A previously undiscovered wreck has been found outside of Fjällbacka on the Swedish west coast. Analysis of wood samples shows that it is the oldest shipwreck ever found in the province of Bohuslän. This is also one of the oldest cogs that has yet to be found in Europe.
“The wreck is made from oaks cut between 1233 and 1240, so nearly 800 years ago,” says Staffan von Arbin, a maritime archaeologist at the University of Gothenburg.
This wreck from the Middle Ages was found by the island of Dyngö outside of Fjällbacka in the Swedish municipality of Tanum. This last autumn, the University of Gothenburg conducted archaeological diving inspections along the coast of Bohuslän to find out more about known wrecks on the seafloor.
“We collected wood samples to determine the age by dating the tree rings – known as dendrochronology,” says Staffan von Arbin.
It was during this work that the maritime archaeologists came upon the wreck outside of Fjällbacka which has been given the name “Dyngökoggen”. This limited survey of the wreck shows that it is a cog, a type of ship that was widely used from around the 12th century onward.”
The bottom planking is flush-laid (carvel), while the side planks are overlapping (clinker). Seams between planks are also sealed with moss, which is typical for cogs. The surviving hull section is about 10 metres long and 5 metres wide.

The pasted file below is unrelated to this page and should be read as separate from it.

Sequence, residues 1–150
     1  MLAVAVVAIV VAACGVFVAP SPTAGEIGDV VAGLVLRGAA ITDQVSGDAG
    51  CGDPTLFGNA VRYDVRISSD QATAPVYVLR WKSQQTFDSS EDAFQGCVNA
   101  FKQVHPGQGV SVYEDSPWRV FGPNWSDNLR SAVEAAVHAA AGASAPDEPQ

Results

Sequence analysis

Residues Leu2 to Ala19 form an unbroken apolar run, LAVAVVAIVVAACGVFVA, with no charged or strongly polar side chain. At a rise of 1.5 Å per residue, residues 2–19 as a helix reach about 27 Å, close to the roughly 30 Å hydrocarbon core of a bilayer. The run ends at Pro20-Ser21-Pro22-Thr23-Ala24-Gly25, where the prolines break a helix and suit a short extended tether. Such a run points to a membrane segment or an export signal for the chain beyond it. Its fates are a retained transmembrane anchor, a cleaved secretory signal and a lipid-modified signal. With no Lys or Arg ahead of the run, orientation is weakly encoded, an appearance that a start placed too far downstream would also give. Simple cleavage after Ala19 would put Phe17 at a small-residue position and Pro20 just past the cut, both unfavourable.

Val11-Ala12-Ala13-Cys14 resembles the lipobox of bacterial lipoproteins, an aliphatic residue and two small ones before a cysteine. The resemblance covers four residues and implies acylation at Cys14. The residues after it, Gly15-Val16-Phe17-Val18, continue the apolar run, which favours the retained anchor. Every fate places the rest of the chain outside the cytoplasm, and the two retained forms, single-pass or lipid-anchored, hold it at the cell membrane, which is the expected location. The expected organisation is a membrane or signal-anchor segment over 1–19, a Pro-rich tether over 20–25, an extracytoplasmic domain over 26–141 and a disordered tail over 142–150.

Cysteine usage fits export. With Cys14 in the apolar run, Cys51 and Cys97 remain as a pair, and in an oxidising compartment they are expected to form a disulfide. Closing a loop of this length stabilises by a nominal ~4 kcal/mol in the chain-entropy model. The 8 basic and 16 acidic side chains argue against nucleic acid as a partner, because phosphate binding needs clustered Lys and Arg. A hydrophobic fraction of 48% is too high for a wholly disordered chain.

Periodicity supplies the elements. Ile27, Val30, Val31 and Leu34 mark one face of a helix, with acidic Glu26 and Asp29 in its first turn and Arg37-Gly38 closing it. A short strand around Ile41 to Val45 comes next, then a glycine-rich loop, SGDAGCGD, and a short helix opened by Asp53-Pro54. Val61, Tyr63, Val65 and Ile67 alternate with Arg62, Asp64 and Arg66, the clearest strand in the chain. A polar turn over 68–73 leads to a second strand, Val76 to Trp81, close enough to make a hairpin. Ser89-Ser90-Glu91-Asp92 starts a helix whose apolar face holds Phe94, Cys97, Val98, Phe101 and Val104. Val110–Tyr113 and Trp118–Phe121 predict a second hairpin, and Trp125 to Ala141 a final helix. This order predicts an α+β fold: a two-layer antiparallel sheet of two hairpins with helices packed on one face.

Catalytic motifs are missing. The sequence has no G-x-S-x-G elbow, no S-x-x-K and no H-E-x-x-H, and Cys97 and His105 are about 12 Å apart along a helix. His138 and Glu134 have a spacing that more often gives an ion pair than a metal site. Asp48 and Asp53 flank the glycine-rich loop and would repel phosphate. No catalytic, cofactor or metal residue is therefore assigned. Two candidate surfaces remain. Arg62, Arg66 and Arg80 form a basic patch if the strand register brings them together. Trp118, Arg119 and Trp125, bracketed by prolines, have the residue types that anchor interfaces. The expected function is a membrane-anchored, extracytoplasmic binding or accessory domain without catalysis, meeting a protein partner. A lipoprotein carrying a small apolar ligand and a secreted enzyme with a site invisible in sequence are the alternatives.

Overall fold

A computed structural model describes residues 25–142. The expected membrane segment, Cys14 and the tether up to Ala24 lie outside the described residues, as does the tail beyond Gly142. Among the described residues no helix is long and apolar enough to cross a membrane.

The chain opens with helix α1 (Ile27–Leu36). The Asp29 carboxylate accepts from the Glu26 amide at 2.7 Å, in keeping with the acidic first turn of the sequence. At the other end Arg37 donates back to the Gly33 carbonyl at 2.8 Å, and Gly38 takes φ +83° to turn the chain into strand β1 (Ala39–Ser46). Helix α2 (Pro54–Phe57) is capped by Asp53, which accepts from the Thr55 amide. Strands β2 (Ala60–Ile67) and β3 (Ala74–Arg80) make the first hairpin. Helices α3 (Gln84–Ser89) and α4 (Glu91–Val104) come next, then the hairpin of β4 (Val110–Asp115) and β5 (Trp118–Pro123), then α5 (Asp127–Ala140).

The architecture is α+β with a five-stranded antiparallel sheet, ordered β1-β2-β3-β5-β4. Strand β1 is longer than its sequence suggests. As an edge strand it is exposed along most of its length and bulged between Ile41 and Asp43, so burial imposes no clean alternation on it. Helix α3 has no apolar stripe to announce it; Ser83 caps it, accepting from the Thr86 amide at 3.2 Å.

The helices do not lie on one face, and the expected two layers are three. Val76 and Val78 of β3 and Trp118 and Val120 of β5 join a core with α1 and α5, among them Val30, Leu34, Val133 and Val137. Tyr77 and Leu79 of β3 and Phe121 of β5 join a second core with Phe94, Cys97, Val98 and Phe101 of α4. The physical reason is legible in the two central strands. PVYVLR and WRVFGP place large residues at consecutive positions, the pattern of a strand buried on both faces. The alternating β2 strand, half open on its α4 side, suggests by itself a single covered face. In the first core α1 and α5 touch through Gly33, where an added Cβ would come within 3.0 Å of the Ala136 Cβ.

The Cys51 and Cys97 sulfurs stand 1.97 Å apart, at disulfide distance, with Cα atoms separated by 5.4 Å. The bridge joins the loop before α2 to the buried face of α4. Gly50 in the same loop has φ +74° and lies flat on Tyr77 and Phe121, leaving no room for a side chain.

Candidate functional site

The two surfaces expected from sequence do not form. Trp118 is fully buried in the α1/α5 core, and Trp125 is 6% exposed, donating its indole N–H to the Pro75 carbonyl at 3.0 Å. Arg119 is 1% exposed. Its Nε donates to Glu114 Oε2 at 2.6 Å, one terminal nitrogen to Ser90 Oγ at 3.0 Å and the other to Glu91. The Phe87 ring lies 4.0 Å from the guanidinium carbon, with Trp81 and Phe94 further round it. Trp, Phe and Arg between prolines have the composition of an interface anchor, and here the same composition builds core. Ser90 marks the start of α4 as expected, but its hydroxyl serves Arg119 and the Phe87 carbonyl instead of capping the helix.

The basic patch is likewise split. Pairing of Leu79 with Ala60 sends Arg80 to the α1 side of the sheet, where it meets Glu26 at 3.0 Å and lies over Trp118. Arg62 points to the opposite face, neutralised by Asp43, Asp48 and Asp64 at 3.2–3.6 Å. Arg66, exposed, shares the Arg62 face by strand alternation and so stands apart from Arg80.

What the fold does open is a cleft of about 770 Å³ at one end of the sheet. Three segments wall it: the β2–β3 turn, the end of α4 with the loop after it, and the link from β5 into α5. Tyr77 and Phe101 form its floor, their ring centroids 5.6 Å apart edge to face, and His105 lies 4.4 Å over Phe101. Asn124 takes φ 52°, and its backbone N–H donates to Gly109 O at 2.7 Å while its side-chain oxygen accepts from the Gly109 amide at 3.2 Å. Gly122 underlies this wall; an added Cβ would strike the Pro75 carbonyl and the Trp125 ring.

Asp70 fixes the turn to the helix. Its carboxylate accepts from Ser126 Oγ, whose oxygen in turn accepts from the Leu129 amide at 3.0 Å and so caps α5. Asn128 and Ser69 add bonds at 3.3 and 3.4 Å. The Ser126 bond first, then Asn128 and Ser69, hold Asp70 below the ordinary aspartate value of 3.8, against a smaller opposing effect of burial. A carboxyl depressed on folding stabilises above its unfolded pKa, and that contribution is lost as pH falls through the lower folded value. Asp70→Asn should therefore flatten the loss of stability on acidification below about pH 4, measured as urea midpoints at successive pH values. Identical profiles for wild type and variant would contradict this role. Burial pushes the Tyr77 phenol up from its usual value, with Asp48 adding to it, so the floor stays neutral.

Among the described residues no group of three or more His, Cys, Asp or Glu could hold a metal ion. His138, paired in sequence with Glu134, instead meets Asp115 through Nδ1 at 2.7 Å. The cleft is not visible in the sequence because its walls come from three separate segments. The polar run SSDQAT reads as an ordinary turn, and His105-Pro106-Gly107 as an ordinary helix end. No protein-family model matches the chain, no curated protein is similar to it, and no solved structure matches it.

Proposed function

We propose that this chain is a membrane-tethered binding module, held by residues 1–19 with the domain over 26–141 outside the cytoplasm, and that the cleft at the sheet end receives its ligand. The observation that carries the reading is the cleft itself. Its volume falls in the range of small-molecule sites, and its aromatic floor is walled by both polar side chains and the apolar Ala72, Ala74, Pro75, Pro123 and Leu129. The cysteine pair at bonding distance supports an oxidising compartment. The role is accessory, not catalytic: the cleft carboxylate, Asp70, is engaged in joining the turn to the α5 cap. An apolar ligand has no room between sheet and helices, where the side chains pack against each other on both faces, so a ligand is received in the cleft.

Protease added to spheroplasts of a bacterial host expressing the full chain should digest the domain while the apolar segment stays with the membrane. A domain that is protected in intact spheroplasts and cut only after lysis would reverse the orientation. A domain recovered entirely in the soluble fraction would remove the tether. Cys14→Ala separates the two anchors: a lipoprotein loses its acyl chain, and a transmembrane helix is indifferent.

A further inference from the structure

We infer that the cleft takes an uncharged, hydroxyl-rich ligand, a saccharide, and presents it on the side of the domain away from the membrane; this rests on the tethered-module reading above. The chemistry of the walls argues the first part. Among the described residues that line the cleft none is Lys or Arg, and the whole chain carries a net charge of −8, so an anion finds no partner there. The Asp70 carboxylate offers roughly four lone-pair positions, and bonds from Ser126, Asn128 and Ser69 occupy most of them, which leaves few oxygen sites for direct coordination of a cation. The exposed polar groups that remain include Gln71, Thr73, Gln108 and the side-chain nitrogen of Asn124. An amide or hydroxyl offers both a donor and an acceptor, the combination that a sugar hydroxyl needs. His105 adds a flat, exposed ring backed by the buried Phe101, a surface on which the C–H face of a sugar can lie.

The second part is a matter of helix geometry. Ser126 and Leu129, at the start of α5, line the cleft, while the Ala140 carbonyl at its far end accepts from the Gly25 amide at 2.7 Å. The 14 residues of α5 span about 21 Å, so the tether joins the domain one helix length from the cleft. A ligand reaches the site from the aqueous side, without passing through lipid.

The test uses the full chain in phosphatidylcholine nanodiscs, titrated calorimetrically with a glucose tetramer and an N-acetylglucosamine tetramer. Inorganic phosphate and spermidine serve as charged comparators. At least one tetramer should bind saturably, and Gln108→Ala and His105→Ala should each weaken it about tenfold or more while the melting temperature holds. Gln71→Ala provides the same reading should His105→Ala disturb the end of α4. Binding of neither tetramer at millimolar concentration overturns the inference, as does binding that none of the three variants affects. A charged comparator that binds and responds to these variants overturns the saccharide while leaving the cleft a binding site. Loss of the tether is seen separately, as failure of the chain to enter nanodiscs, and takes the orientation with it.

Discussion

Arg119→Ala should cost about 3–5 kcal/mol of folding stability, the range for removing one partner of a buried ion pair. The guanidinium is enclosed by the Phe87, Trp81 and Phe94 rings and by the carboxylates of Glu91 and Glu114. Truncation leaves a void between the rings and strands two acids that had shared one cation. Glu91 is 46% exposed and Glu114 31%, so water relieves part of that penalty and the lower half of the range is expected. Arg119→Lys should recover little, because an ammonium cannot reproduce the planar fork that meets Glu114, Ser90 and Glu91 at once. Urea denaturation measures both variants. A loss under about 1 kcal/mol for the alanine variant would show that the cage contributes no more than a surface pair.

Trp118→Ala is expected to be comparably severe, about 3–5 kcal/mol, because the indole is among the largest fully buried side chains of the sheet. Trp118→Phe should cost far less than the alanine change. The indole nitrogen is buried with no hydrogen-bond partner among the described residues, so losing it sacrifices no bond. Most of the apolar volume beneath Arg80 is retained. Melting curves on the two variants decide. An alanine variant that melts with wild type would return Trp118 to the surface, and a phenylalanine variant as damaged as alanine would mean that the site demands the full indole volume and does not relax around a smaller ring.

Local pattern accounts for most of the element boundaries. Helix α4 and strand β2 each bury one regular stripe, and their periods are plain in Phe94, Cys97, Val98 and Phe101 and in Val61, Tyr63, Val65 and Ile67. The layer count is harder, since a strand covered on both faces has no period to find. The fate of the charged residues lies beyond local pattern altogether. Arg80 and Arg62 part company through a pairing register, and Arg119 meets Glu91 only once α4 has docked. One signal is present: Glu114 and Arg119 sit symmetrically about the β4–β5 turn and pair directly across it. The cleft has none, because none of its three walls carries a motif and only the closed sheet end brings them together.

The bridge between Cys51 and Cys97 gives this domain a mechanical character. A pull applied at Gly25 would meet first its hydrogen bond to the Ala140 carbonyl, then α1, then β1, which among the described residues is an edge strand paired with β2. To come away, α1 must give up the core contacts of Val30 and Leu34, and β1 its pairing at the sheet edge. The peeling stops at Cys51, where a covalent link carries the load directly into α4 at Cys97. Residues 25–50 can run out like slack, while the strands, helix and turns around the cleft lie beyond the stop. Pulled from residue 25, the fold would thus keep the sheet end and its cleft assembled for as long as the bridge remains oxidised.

Staffan von Arbin believes, however, that originally the ship would have been up to 20 metres long.
Analysis of the wood samples shows the ship was built of oaks from north-western Germany. How did it end up outside of Fjällbacka?
“Cogs are mentioned often in written sources about the medival Hanseatic League, but ships of this type were common throughout the Middle Ages in northern Europe.” Staffan von Arbin argues that the find also points to the importance of Bohuslän as a transit route for international maritime trade during this period.
This is also one of the oldest cog that has yet to be found in Europe.
It is not yet known why the ship sank but that would likely be an exciting story. The survey of the ship clearly shows indications of an intense fire.
“Perhaps the ship was attacked by pirates? Written sources tell us that Norway’s southern coast, including Bohuslän, had periods with intense pirate activity during the Middle Ages.”
But it might also have been a simple accident, perhaps a fire spread while the ship was docked. Or the ship was sunk in battle? The first decades of the 12th century were a turbulent time in Norway, which Bohuslän was a part of, with intense internal struggles for the Norwegian crown.
What happens now?
There are currently no plans for more surveys of the wreck. However, they hope to conduct new dives of the wreck in the future. But this requires both a permit from the county administrative board and extensive external funding that is currently unavailable. The results and observations by the marine archaeologists are currently being analysed for a larger scholarly article.